Marange diamond mining industry : socio-political environment and its role on psychological well-being and organisational citizenship of diamond miners in Marange, Zimbabwe.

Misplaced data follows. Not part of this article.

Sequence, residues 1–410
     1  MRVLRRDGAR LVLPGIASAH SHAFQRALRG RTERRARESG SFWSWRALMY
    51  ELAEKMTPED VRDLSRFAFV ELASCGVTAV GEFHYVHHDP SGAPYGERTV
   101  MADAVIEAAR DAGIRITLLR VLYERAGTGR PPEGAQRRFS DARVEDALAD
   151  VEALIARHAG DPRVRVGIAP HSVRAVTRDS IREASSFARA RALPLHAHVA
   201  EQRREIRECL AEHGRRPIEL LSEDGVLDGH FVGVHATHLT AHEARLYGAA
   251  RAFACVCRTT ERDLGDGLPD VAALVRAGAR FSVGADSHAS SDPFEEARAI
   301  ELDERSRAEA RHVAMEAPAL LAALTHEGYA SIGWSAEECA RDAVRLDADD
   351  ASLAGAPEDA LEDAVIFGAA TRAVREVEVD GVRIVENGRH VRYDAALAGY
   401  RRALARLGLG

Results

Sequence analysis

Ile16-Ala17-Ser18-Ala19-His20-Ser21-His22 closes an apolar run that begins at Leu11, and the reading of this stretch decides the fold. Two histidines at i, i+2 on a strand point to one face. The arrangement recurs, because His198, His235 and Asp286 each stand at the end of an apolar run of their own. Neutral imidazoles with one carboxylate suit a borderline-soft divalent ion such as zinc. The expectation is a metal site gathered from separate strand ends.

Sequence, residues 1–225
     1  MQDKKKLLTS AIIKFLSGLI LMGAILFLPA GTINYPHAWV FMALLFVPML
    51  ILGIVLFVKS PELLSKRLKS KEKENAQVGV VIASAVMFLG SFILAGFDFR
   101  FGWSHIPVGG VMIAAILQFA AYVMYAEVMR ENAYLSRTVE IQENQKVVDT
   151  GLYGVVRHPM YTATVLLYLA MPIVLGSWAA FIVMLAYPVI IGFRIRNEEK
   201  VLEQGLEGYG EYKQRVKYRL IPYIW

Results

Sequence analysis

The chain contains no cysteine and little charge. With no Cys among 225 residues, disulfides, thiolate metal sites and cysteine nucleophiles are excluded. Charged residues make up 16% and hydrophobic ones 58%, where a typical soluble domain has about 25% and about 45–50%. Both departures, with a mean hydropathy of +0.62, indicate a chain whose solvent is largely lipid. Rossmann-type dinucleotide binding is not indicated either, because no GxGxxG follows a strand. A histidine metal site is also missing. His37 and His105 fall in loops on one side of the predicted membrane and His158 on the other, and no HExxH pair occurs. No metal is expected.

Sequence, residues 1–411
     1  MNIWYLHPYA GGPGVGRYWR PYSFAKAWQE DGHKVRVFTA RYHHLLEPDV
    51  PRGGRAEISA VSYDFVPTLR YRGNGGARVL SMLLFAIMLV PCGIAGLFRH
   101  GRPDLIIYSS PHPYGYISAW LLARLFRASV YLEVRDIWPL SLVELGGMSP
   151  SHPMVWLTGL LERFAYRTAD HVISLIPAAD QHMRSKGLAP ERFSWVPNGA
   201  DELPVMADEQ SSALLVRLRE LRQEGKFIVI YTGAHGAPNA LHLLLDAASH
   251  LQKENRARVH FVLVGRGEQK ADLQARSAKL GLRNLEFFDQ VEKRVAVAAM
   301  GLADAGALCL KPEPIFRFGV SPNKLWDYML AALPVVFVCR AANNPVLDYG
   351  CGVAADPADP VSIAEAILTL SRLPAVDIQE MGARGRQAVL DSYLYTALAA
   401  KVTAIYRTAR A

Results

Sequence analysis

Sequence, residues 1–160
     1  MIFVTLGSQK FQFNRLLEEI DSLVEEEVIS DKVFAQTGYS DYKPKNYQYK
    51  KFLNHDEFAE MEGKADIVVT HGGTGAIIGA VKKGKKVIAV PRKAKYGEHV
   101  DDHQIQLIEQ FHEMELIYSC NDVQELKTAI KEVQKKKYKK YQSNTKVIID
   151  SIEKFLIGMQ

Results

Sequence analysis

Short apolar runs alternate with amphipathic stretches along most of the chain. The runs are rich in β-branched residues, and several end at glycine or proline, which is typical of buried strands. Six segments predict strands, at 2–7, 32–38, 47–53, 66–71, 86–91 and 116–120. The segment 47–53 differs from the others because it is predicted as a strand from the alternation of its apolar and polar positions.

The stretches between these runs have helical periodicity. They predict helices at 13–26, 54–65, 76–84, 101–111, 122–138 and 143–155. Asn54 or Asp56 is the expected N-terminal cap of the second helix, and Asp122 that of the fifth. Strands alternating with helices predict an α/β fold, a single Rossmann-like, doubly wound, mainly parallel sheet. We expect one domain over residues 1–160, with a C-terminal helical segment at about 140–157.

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This thesis aimed at finding comprehensive ways through which managers can foster psychological well-being and improve employees’ functionality in a turbulent business environment. The political dynamics and troubling trajectory of diamond mining in Marange are widely acknowledged (Saunders & Nyamunda, 2016). Based on perceptions of selected miners in one diamond mining company in Zimbabwe, the thesis suggests an employee well-being framework that adopts a holistic approach towards understanding the functionality of an individual working in such an environment. The approach avers that the functionality of an employee rests on a company system where managerial practises, organisational culture and values, combined with personal resources such as material resources and respect for employees’ personal values are embedded into the company’s socio-political environment. The study elucidates conditions both within and outside an individual that organisations can leverage on towards the enhancement of employee well-being. A pragmatic approach that utilised both quantitative and qualitative research methods was used in this study as a way of augmenting the inadequacy of the quantitative approaches usually used in psychology to provide a basis from which to infer the direction of the relationship between workplace features and employee well-being. This renders a fresh perspective into the study of employees’ psychological well-being that scholars have established mainly through quantitative means. The study provides a further nuanced rendering by providing, from a local perspective, a comprehensive focus to the global understanding of employee well-being response that the clinical tradition has predominantly studied looking at such factors as depression, distress, anxiety or substance abuse; and how these affect employee wellbeing. The study therefore challenges this arguably limited view of wellbeing that has often resulted in business approaches benchmarking organisational success on cost consciousness, viewing employees as machines fuelled by money, and understanding employees’ behaviours and attitude to work from negative work outcomes, processes and attributes. As with the globalised business economy that has rendered, in today’s world of work, employees as an important instrument in determining the success of an organisation, this study emphasises employees’ involvement in organisational policy formulation and the adoption of managerial practices that are informed by philosophies such as Ubuntu that can account for the local conceptions of wellness. Quantitative findings of this study revealed a positive and practically significant relationship between work engagement, job satisfaction and organisational citizenship. Results further revealed that psychological empowerment does not predict organisational citizenship behaviours. Interestingly, quantitative results further revealed that participants were averagely satisfied, engaged and averagely exhibited citizenship behaviours but are highly empowered psychologically. These quantitative findings sharply differed with the qualitative findings that suggest both management and employees felt that the working environment failed to provide for those conditions that foster engagement, satisfaction, psychological empowerment and citizenship behaviours. Although the study tried to give insight into how organisations can improve effectiveness through cultivating working environments favourable to its employees’ well-being, a lot can be achieved through investigations on the governing laws and agreed business models to understand issues of power relations between government representatives and investor representatives involved. While the study is centred in the industrial psychology, its emphasis on the need for a holistic approach towards the understanding of employee well-being can be useful to other disciplines such as Industrial Relations, Human Resources Management and Talent Management. That the current study was located in the Zimbabwean diamond mining industry brings the Zimbabwean context into the limited business and or psychological understanding of miners’ literature on Zimbabwe. In light of global interests towards diamond mining and processing, employees’ well-being is becoming a major aspect. This study therefore provides areas for consideration for a comprehensive achievement of employees’ well-being. It advances a view that a company’s system that harmoniously interacts with a socio-political environment which incorporates employees’ interests and values provides for business viability. The implication of this to the already established instruments that measure employees’ well-being is the need for inquiry on those aspects that determine the extent to which the socio-political environment affects one’s functionality at work. However, this study is not immune to some limitations. By focusing on one company, the results cannot be generalised. This is not least because what is happening in the studied company may not be the same with what happens in other companies. While the study combined both qualitative and quantitative methods for the purposes of triangulation, the qualitative method relied only on interviews. The use of focus groups could have generated more information and discussion from the participants. This would have helped to address the problem or fear that workers will not be exhaustive and rather be selective with the information they provided for the study.